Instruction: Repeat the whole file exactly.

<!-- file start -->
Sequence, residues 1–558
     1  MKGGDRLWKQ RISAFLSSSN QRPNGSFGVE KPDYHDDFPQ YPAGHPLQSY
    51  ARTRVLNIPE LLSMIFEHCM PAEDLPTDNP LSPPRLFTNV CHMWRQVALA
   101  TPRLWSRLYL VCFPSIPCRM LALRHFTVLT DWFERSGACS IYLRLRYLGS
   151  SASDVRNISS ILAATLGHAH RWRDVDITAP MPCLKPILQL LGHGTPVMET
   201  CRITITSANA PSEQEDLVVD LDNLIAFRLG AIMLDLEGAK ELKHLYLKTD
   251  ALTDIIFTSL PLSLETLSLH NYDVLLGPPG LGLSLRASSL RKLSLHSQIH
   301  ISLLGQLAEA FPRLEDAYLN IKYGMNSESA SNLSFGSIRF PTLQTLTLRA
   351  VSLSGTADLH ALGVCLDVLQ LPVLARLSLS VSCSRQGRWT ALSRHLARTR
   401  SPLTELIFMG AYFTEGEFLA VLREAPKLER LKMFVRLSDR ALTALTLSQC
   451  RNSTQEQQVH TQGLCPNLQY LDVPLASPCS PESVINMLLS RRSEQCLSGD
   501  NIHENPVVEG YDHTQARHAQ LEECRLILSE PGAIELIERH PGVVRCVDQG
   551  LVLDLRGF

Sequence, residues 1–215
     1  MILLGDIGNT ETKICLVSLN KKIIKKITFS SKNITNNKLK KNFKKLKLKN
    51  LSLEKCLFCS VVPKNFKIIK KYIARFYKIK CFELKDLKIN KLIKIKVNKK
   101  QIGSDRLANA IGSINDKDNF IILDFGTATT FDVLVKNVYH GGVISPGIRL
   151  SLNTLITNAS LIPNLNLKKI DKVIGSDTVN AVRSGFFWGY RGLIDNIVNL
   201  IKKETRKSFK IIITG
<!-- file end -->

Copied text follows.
Sequence, residues 1–558
     1  MKGGDRLWKQ RISAFLSSSN QRPNGSFGVE KPDYHDDFPQ YPAGHPLQSY
    51  ARTRVLNIPE LLSMIFEHCM PAEDLPTDNP LSPPRLFTNV CHMWRQVALA
   101  TPRLWSRLYL VCFPSIPCRM LALRHFTVLT DWFERSGACS IYLRLRYLGS
   151  SASDVRNISS ILAATLGHAH RWRDVDITAP MPCLKPILQL LGHGTPVMET
   201  CRITITSANA PSEQEDLVVD LDNLIAFRLG AIMLDLEGAK ELKHLYLKTD
   251  ALTDIIFTSL PLSLETLSLH NYDVLLGPPG LGLSLRASSL RKLSLHSQIH
   301  ISLLGQLAEA FPRLEDAYLN IKYGMNSESA SNLSFGSIRF PTLQTLTLRA
   351  VSLSGTADLH ALGVCLDVLQ LPVLARLSLS VSCSRQGRWT ALSRHLARTR
   401  SPLTELIFMG AYFTEGEFLA VLREAPKLER LKMFVRLSDR ALTALTLSQC
   451  RNSTQEQQVH TQGLCPNLQY LDVPLASPCS PESVINMLLS RRSEQCLSGD
   501  NIHENPVVEG YDHTQARHAQ LEECRLILSE PGAIELIERH PGVVRCVDQG
   551  LVLDLRGF

Sequence, residues 1–215
     1  MILLGDIGNT ETKICLVSLN KKIIKKITFS SKNITNNKLK KNFKKLKLKN
    51  LSLEKCLFCS VVPKNFKIIK KYIARFYKIK CFELKDLKIN KLIKIKVNKK
   101  QIGSDRLANA IGSINDKDNF IILDFGTATT FDVLVKNVYH GGVISPGIRL
   151  SLNTLITNAS LIPNLNLKKI DKVIGSDTVN AVRSGFFWGY RGLIDNIVNL
   201  IKKETRKSFK IIITG